How does Andrew Cuomo plan to pay for the new Tappan Zee Bridge? The state isn’t saying — and it isn’t letting the public weigh in, either.
The Cuomo administration won’t release its financial plan for the bridge until April or May, according to a report in the Journal News. That’s just months before construction is scheduled to start, and months after the state starts soliciting proposals from contractors. It’s far too late for New Yorkers to debate the right way to pay for the enormously expensive bridge.
In the meantime the administration is refusing to disclose its current thinking on the bridge financing or to provide the numbers that might let New Yorkers weigh the options themselves. Repeated Streetsblog inquiries to the governor’s press office have been ignored. A Streetsblog freedom of information request for financial plans generated by state agencies or by Merrill Lynch, which the state contracted to perform financial planning for the Tappan Zee Bridge, was denied on the grounds that they were inter- or intra-agency materials. Streetsblog has appealed that decision.
The Cuomo administration isn’t even letting legislative leaders in on its thinking. In a hearing held Wednesday, Senate Finance Committee Chair John DeFrancisco noted that the legislature has to approve Cuomo’s budget, including his transportation spending, by April. “Tell me how we can do that when the answer is almost uniformly, ‘We are still studying it’?” he asked NYS DOT Commissioner Joan McDonald, according to the Times Union.
Finding the money to pay for the new Tappan Zee won’t be easy. Right now, the state’s official price tag, as stated in its draft environmental impact statement, is $4.64 billion for the bridge, though many press reports have put the cost at $5.2 billion. The high cost is due to the state’s desire to build a bridge twice as wide as the current one (but which still won’t include transit lanes).
The question of how to pay for the bridge should concern all New Yorkers. As Streetsblog reported yesterday, if the bridge were funded entirely by the drivers who cross it, a conservative financial analysis estimated that the one-way E-ZPass toll would have to rise from $4.75 to around $16 just to cover the cost of construction. In a more extreme but still plausible scenario, it would take $30 tolls to pay for the whole thing. Would Cuomo tolerate tolls that high?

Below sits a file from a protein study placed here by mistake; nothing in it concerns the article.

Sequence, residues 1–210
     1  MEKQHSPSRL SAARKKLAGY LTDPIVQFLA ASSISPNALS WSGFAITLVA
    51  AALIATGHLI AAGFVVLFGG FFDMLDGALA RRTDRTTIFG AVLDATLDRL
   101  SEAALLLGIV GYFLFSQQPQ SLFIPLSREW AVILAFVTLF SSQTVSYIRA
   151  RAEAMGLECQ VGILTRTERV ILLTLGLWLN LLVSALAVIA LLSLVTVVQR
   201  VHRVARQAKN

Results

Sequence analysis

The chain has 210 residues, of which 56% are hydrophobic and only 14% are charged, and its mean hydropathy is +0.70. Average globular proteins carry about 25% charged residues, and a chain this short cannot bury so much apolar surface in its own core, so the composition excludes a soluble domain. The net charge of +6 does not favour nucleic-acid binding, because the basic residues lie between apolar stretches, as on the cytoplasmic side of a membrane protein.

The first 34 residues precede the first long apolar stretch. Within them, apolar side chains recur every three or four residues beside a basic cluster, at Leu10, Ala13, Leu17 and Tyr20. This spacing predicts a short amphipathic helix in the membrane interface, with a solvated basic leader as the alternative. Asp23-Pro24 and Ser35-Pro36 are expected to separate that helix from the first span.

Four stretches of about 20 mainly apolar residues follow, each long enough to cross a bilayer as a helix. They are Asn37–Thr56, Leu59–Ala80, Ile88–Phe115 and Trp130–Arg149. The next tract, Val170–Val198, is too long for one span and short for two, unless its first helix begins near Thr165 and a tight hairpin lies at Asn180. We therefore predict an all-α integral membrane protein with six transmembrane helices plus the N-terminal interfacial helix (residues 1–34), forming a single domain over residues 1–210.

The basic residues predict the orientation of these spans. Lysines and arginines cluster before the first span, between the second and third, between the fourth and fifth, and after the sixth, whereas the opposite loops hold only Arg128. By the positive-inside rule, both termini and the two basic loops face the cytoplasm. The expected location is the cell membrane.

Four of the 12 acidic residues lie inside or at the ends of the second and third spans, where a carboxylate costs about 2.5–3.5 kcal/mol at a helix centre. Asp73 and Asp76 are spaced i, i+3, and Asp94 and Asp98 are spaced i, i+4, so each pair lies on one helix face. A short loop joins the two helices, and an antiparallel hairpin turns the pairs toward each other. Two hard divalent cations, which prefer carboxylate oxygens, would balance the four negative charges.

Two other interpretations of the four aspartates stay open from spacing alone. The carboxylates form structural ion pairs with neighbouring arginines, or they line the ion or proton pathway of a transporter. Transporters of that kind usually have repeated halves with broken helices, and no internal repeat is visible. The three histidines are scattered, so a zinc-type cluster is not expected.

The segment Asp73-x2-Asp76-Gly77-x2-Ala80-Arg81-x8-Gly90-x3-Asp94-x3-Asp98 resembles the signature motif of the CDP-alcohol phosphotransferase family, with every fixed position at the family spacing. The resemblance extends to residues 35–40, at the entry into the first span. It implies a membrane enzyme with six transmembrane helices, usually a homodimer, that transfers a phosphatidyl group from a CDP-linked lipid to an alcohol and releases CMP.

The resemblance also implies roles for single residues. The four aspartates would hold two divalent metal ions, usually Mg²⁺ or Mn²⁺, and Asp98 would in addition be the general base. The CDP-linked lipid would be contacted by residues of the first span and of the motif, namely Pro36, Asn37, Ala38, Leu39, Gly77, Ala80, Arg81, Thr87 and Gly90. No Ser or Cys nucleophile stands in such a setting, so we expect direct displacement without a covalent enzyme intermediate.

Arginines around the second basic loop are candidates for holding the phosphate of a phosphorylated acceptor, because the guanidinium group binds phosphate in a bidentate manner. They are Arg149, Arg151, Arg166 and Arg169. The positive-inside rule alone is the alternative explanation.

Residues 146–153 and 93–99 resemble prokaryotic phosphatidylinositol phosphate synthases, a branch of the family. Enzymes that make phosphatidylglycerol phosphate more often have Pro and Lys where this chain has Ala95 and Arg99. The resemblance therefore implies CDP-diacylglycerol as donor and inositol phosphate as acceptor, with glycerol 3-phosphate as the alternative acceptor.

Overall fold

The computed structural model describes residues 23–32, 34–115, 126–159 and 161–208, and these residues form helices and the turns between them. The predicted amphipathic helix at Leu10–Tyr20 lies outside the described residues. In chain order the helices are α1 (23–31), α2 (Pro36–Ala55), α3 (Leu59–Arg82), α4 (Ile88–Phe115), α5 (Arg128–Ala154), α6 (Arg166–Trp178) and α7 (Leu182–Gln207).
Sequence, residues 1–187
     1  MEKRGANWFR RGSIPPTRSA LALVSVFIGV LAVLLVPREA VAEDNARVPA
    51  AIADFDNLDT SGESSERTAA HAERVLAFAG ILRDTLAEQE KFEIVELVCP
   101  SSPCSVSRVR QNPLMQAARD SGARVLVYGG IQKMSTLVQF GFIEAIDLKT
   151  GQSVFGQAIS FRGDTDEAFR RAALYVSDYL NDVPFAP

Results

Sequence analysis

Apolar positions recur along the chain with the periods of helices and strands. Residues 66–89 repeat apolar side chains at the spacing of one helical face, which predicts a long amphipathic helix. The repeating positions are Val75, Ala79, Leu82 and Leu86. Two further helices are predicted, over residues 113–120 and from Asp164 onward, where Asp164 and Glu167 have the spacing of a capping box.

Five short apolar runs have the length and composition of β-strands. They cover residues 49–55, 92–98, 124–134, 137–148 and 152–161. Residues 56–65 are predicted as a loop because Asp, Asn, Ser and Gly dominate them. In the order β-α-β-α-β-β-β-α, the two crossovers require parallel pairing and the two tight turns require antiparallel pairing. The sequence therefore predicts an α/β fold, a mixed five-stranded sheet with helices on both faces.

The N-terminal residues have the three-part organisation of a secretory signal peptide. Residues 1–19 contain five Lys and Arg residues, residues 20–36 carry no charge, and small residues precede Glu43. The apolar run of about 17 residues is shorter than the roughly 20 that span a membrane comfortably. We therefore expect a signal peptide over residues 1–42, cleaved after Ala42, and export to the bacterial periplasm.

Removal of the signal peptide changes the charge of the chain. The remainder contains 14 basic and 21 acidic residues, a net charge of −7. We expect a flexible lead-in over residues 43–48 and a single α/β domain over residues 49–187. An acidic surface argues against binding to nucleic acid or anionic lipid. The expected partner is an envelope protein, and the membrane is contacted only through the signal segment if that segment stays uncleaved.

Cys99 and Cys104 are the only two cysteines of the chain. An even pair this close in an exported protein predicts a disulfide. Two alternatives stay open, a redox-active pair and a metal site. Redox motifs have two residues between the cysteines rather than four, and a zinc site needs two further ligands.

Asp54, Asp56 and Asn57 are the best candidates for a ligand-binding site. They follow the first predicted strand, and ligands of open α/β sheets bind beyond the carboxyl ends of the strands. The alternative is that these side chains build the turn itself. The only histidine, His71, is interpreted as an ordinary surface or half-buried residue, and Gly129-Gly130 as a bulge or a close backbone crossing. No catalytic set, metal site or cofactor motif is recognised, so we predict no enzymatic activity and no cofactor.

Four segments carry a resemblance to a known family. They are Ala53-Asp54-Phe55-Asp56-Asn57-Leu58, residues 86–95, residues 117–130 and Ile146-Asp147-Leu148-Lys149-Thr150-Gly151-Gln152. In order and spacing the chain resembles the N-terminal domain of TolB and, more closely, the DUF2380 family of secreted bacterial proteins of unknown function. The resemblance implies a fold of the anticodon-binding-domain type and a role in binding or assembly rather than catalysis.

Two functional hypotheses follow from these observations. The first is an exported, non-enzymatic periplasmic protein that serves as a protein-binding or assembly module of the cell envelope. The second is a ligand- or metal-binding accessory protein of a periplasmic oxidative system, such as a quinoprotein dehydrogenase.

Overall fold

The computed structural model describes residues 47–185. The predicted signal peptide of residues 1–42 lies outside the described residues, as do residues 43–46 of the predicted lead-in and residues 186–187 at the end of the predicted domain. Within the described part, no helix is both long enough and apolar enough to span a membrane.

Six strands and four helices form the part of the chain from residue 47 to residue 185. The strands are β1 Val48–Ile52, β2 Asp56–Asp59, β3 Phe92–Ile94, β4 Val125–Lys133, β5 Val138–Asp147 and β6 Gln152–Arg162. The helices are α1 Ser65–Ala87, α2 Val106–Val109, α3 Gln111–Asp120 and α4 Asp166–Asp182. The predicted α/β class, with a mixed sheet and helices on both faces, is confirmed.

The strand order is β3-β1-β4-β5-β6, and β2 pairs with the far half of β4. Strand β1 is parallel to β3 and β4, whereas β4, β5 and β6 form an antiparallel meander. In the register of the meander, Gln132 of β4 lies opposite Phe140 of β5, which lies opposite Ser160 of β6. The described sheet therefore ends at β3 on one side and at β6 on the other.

If Cuomo won’t accept $16 tolls, where would the extra revenues come from? In a scenario where tolls double but don’t triple, there would still be a gap of at least $1.2 billion dollars.
For the Thruway Authority to chip in the necessary money, it would have to raise tolls on the rest of the system or add tolls to roads that are currently free. New York State’s highway and bridge trust fund can’t contribute; this year, Cuomo proposed transferring $543 million from the state’s general fund just to keep the trust fund afloat. Other options mentioned in a 2009 financial study from Merrill Lynch — the last to be made public — include increases in the gas tax, the sales tax, or a new regional income tax [PDF]. All of these would be major policy decisions that affect millions of New Yorkers — the kind of decisions that deserve public debate. The only other option is paying for the Tappan Zee via the general fund, exacerbating the state’s deficits and possibly requiring some shady budgeting or an increase in the state’s debt ceiling.
At the same time, adequate information about the cost of adding bus service across the bridge is missing. The Tappan Zee DEIS inflated the estimated cost of BRT by between 100 percent and 400 percent over 2009 numbers, depending on the design. The Cuomo administration gave no explanation of where these incredible cost increases came from.
Without solid financial information, New Yorkers are in the dark about how the bridge design will affect taxes and tolls. They can’t tell what it would cost to pay for transit or understand the tradeoffs they’d have to make to include it.
Governor Cuomo needs to open up the Tappan Zee financials now, before the bridge’s design is a done deal.